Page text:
I Work For A Temp Agency And Was Hurt On The Job, Do I Have A Claim?

Posted by Scott A. Staples | Jun 12, 2019 | 0 Comments

Most workers who get jobs through a temporary employment agency are immediately sent out to work in facilities owned and managed by the agency's clients.  For purposes of this post, we'll call the temp agency's client “the factory” (I picked this just because a lot of the temporary workers I have represented get sent to work in manufacturing facilities of some sort). 

Usually the arrangement is that the temp agency continues to be the worker's “employer”- the agency pays the worker his or her wages and pays the workers' compensation premiums to the state.  If the workers needs to call in sick, usually he or she needs to call the temp agency, not the factory.  The worker's day to day activities will likely be supervised by employees of the factory.  The factory pays the temp agency for use of the worker.      

It's not unusual for temp agency employees to get hurt on the job.  The reasons are numerous, but I think they are especially frequent because the temp workers are not usually trained very well by the factories, and the work often involves potentially dangerous machinery or processes.  When this happens, the question arises- does the temp agency employee have a personal injury claim?

To have a personal injury claim, someone needs to have done something negligent to cause the injury.  If the temp worker's injury was caused by his or her own negligence, or nobody was negligent, then there is no personal injury claim.  The worker is, however, still going to be able to make a claim for worker's compensation benefits through the state (at least in Washington) Dept. of Labor and Industries (or the employer's worker's comp carrier, if that employer is self-insured- it looks pretty much the same either way).  Worker's compensation benefits are great to have available, but they are generally speaking limited to lost wages and medical bills, and don't compensate for non-economic damages (i.e., “pain and suffering”).

The worker's compensation system represents a large tradeoff.  When a worker gets hurt, even if it's their own or nobody's fault, they have the safety net of worker's comp benefits.  In return, the law says the worker cannot bring a personal injury claim against their employer (including any of their coworkers employed by that same employer), even if the employer or coworker caused the injury.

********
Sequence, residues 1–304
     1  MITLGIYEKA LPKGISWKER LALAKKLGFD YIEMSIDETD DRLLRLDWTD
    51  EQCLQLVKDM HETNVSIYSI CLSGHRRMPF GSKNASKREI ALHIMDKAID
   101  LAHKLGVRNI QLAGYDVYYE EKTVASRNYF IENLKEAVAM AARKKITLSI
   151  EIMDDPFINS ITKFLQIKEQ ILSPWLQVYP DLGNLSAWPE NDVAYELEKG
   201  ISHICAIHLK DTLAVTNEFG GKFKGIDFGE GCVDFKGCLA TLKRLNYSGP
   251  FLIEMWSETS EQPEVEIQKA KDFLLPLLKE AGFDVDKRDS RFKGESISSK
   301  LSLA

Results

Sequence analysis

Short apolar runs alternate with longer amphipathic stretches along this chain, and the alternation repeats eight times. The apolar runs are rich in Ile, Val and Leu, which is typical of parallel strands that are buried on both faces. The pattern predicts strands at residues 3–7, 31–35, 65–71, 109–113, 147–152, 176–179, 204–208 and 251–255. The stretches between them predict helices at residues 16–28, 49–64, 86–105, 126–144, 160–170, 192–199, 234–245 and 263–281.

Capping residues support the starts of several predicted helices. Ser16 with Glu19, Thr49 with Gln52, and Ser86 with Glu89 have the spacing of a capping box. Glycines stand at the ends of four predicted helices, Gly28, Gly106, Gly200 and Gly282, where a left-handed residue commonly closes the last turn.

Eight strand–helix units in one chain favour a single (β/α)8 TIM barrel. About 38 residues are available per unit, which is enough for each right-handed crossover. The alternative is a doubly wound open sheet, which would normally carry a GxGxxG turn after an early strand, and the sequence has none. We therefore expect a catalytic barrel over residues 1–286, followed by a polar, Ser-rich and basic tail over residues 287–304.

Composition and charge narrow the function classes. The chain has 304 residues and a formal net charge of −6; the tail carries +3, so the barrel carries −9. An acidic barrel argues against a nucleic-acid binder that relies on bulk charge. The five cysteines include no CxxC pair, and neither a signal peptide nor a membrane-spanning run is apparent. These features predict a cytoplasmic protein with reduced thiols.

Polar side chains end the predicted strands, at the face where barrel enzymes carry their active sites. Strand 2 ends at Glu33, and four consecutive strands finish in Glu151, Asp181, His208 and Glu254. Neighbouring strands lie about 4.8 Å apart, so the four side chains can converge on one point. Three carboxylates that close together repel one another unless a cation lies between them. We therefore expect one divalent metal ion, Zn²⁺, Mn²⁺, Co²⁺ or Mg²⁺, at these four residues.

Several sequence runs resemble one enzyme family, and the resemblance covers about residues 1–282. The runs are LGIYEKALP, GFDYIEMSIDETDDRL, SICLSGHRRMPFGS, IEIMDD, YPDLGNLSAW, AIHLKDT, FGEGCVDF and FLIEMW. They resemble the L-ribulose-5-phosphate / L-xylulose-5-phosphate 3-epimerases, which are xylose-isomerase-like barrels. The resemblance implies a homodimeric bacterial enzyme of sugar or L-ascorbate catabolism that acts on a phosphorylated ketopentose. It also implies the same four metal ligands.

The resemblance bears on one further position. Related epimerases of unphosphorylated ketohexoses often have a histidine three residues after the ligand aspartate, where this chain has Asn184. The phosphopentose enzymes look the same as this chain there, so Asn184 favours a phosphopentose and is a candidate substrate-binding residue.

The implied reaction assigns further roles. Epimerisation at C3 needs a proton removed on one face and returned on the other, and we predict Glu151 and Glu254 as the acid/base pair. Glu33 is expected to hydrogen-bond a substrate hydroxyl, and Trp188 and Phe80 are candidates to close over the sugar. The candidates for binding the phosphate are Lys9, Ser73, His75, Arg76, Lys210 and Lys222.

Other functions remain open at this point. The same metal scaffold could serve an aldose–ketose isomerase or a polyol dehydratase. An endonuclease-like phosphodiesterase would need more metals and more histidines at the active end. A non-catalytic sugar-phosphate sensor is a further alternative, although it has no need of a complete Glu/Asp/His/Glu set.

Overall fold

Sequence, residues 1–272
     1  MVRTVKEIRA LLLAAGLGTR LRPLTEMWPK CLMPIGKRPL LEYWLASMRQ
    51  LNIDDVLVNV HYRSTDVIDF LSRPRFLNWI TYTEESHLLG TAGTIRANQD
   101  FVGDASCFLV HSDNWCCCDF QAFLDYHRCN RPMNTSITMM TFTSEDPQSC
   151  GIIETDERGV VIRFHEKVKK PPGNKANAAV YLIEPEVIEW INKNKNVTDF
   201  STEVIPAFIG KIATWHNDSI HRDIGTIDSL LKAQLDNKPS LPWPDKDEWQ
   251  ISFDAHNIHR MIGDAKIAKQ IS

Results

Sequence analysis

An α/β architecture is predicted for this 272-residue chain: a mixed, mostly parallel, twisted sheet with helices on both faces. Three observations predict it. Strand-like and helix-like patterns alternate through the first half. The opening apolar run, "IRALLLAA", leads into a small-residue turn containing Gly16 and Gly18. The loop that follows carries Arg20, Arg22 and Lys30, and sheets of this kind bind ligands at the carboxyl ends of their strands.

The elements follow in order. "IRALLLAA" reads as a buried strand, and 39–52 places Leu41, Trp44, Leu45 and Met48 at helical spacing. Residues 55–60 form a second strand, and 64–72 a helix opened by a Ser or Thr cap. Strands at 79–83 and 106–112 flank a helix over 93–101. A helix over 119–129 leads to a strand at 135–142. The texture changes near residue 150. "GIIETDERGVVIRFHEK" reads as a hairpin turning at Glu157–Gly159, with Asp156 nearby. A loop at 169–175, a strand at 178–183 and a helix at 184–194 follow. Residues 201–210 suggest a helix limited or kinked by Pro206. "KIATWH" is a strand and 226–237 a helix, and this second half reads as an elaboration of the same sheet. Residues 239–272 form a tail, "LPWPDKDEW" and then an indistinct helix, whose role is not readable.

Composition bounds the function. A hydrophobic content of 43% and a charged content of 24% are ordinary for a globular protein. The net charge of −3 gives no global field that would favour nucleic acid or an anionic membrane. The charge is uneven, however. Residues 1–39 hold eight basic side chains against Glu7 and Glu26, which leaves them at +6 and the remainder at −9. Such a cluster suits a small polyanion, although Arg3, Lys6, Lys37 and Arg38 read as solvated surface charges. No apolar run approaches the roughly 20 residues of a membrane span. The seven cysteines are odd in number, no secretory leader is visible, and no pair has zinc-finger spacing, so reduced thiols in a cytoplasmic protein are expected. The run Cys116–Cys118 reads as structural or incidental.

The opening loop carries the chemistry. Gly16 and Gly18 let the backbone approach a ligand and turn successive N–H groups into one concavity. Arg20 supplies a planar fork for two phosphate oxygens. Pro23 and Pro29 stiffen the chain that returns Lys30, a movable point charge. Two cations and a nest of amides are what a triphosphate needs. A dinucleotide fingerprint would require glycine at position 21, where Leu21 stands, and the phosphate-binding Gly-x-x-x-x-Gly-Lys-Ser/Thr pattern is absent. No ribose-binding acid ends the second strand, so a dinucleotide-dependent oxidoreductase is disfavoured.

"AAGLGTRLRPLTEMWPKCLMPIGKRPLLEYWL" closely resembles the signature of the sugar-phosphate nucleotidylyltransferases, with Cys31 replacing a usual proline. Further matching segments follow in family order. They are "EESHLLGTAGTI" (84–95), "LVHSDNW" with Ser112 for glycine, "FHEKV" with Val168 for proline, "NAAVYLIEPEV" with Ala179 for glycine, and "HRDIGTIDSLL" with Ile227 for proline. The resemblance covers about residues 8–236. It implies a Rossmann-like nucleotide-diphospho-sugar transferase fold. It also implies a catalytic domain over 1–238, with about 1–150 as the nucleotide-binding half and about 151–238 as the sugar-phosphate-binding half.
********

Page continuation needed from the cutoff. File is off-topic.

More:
However, in the case of a temp worker, the worker's employer is usually considered to be the temp agency, not the factory.  So if the factory's management or employees are negligent and cause injury to the temp worker, the worker should be able to bring a personal injury claim against the factory, in addition to receiving worker's compensation benefits through the worker's comp insurance provided through the temp agency.

There are many wrinkles and nuances to this.  Not every situation is straightforward, and the interaction of the worker's comp benefits and the personal injury claim is fraught with complications and potential landmines.  This is why an experienced personal injury lawyer should always be consulted in these situations before any decisions are made (we handle these types of cases all the time).  But the simple upshot is that when a temp agency employee is hurt on the job, they will often have a personal injury claim available to them to hopefully fully compensate them for their injuries.        

About the Author

Scott A. Staples

Scott Staples came on board in 2006 as a clerk during law school, and joined the firm as an associate attorney in 2007. He was made a shareholder in the firm in 2010. Scott graduated, cum laude, from Washington State University Vancouver with a BA in English, and obtained his Juris Doctorate from Willamette University College of Law, with cum laude honors there as well. He has successfully represented clients in a variety of different types of injury cases, including auto collisions, premises liability, animal attacks, watercraft accidents, and construction site injuries. He has appeared, and won, before the Washington State Supreme Court (Weismann v. Safeco, 2012). Scott has volunteered time for the past several years at the Clark County Volunteer Lawyers Housing Justice Project. He has previously served on the new member and membership committees for the Washington State Association for Justice (WSAJ), and has acted as chair and co-chair of the WSAJ Clark County Roundtable. He is a member of the Washington and Oregon State Bar Associations, WSAJ and OTLA (state trial lawyer organizations), and is admitted to practice in all state and federal courts in Washington and Oregon. Scott was born and raised in Vancouver, attending Vancouver public schools and graduating from Hudson's Bay High School. He enjoys playing recreational basketball and softball, skiing, and spending time with his wife and three children.


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